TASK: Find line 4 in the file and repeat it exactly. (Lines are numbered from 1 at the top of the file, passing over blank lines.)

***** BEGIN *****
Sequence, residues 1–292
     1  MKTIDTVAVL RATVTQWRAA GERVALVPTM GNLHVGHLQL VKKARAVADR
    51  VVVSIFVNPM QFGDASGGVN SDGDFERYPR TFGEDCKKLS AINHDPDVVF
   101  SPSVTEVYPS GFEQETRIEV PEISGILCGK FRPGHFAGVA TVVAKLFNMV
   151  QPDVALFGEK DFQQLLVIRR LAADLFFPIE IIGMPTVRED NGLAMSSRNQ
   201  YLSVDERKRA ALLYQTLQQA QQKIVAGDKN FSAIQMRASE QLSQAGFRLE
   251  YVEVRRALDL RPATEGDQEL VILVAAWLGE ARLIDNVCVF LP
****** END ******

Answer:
   101  SPSVTEVYPS GFEQETRIEV PEISGILCGK FRPGHFAGVA TVVAKLFNMV